Air France and Japan Airlines both addressed workload concerns during their afternoon presentations as well. Eric Langlois described how the results of their cabin crew workload survey have been used to modify SAFTE-FAST modeling and develop a new fatigue risk matrix for Air France. Capt. Takeshi Tanaka and Kae Yoshida from Japan Airlines closed out the day by outlining workload issues specific to Japanese carriers, such as the mountainous terrain around most Japanese airports, the inability to cross Russian airspace due to the conflict in Ukraine, and the presence of volcanic ash. The Japan Airline delegates also traveled the farthest of any attendees to the User Conference, personally enduring many of the workload factors they spoke about to attend.

Conference attendees also got to experience the workload factor of adverse weather firsthand during the presentations. A thunderstorm knocked out the power, causing a slight delay in the schedule. The Azul team got everything up and running again in mere moments. Between the power outage and the many questions and interactions from the group, the last talk of the day needed to be pushed to Day 2. Fortunately, attendees could continue to chat about fatigue factors during the dinner reception at Boteco São Bento in downtown Campinas. Day 2 began with Captain Tulio Rodrigues, PhD from ASAGOL and the spokesperson for the Fadigômetro Project, describing workload patterns and fatigue scores for Brazilian pilots. Perhaps unsurprisingly, Capt. Rodrigues and Dr. Tissot from ANAC had similar findings regarding Brazilian pilots’ fatigue issues. Workload factors like early mornings, long days, and short breaks between duty periods were related to increased fatigue in both studies.

Workload was a major theme of the 2023 SAFTE-FAST User Conference. Japan Airlines admitted that they chose SAFTE-FAST specifically to be able to model workload. Many other attendees discussed their plans for conducting workload studies and addressing the unique issue of modeling workload. The SAFTE-FAST team presented two workshops related to workload-- Modeling the Fatigue Hazards Associated with Workload by Dr. Hursh, and Fatigue at Work by Dr. Devine. Dr. Hursh described how biomathematical modeling can put “soft problems” into hard numbers that can be used to educate people about things that they didn’t think were important. SAFTE-FAST models workload separately from Effectiveness, with an overlap in low Effectiveness and high Workload indicating a safety risk. Dr. Devine outlined the different fatigue domains in the context of work, with examples from the literature to support how fatigue factors can interact to create a compound risk.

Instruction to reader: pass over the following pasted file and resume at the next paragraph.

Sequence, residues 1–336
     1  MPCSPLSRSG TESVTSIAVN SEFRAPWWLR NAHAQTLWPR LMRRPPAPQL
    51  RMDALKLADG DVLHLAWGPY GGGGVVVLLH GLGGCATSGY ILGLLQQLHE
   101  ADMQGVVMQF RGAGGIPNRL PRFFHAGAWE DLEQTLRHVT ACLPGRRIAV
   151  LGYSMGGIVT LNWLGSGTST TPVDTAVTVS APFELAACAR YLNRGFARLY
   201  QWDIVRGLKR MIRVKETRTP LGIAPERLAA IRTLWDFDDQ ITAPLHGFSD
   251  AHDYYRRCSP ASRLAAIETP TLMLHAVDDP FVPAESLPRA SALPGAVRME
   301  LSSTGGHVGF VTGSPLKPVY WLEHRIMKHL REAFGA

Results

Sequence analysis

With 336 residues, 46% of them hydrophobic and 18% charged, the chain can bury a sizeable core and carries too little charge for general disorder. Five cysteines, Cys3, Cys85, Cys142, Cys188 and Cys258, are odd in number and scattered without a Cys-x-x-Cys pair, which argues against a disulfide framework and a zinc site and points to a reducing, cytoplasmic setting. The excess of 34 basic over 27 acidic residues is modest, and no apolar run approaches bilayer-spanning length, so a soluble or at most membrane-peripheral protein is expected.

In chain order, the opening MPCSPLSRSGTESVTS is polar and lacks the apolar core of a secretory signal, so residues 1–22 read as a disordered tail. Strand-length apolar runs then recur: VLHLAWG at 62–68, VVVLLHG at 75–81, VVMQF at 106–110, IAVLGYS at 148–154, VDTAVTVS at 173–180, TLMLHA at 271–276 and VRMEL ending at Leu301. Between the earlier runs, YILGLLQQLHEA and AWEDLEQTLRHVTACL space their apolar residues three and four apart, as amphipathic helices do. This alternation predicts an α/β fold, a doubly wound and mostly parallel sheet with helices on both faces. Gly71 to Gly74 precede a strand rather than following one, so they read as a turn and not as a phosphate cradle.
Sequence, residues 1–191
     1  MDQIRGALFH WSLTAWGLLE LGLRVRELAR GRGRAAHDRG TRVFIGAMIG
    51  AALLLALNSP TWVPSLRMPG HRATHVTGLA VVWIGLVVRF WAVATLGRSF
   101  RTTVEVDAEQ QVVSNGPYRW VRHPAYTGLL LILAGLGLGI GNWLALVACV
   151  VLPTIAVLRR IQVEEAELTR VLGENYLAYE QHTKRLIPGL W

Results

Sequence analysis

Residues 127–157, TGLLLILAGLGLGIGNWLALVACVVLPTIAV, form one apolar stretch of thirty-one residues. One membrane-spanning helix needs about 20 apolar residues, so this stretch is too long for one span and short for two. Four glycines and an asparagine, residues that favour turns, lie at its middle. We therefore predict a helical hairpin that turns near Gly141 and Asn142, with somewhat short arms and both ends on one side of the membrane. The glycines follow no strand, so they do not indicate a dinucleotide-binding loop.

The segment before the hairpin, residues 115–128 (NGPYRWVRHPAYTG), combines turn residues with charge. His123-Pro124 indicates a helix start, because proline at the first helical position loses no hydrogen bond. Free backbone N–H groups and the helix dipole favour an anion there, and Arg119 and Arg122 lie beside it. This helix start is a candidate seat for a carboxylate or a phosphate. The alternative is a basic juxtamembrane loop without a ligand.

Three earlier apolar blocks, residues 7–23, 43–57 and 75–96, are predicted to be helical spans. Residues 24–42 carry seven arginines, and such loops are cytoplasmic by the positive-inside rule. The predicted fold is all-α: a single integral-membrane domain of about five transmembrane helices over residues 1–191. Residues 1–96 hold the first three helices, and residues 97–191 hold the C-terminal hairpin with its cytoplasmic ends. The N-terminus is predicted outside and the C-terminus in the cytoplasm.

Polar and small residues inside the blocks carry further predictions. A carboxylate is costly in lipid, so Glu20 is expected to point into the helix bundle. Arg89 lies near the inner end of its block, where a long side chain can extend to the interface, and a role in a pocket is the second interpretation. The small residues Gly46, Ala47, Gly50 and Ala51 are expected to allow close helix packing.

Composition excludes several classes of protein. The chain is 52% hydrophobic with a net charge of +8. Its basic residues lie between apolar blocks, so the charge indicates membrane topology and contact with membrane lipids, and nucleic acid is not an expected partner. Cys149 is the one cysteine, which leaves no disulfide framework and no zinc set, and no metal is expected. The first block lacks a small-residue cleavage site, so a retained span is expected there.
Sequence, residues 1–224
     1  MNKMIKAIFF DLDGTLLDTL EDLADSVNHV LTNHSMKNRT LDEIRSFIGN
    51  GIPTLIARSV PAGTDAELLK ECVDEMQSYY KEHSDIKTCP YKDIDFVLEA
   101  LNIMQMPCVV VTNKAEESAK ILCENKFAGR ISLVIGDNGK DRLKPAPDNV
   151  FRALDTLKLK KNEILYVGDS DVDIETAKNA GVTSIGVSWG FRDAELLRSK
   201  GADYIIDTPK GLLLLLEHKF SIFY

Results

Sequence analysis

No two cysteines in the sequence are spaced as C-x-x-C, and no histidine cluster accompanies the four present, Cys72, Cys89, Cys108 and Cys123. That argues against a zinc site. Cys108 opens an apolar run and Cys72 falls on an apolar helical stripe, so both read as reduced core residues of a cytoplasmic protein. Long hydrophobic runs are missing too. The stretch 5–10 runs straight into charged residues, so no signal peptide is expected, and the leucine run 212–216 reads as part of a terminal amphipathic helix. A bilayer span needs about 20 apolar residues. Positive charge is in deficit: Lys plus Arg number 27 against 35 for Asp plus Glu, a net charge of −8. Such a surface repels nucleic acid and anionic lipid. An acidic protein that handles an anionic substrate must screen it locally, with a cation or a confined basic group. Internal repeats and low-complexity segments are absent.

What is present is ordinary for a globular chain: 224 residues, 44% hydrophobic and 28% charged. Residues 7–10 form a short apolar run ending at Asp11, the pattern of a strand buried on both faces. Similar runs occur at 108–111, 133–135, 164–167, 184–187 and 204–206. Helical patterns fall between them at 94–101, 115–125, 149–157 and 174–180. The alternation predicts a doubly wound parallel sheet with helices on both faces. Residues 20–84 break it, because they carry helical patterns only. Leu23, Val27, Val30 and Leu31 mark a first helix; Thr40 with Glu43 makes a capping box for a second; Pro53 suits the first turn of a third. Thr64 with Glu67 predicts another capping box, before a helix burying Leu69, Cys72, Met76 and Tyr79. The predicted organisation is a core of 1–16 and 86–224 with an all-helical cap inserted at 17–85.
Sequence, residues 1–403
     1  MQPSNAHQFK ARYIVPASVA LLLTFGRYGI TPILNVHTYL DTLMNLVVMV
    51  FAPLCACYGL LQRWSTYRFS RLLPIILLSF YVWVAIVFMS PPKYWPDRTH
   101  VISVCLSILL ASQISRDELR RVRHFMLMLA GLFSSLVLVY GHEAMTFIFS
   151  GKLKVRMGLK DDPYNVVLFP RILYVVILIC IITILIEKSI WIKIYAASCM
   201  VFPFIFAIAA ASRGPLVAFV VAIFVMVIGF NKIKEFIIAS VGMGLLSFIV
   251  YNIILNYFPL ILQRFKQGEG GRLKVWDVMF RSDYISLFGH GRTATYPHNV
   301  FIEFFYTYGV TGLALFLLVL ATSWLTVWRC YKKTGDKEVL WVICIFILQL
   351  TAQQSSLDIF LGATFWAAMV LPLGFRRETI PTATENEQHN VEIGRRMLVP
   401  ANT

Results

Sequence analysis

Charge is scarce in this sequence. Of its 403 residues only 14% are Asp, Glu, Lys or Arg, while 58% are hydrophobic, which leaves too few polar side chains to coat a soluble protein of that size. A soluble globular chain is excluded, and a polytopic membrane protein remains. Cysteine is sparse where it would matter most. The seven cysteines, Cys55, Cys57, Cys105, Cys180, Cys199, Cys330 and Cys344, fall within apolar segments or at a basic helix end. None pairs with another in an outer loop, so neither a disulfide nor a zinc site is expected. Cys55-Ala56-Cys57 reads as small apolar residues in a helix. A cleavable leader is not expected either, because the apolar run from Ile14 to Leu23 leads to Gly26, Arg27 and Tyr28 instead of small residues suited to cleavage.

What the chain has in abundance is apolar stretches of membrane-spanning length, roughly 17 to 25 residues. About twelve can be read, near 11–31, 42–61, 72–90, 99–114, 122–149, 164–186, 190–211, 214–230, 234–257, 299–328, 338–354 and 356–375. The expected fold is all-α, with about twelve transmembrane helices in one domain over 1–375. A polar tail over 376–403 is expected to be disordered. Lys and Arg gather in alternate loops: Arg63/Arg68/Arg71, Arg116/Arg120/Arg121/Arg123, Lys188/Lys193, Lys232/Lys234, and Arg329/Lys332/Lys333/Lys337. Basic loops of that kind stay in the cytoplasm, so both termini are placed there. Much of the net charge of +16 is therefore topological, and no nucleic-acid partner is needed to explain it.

The Harmonization Studies workshop educated attendees on the role of the harmonizer—SAFTE-FAST’s iterative process for finding the closest match in Auto-Sleep settings compared to objective data collected in a specific population. Ben Brown from SAFTE-FAST next described how data tags can add context to scheduling data, customize parameter rules, or adjust workload rules. Robert Mora finished up the workshops with Day of Operations Modeling—a review of the SAFTE-FAST Real Time solution for day-of-operation crew scheduling systems. After lunch, attendees were treated to a special tour of Azul’s simulators. Azul cabin crew are trained in a simulator that can replicate emergency scenarios such as fire on board using a digital fire extinguisher, food service, and even wine tasting to better serve the customers in first class. Pilots also complete the emergency cabin training (but must sneak in if they want to learn about wine tasting). The cabin simulator also featured an evacuation slide. Unfortunately, for safety purposes, attendees were not allowed to ride the slide. Conference attendees did get to ride in an Airbus flight simulator, though. Under the cautious gaze of Azul instructors, riders could practice take-off and landing the plane on a runway in computer-generated Rio de Janeiro. The view from the simulator was truly impressive, with one attendee even pointing out a digital cow wandering around in a field below.

The SAFTE-FAST team is so thankful to Azul for organizing a wonderful conference and grateful to all of our users who could attend and present. These are trying times for fatigue in aviation. Workload and burnout are on the rise among airline employees, and the pilot shortage means more work for everyone. All presentations can be viewed online here. The science team is already marinating on ideas to improve workload modeling and the mental factors of fatigue.

Can’t wait to see you in 2024!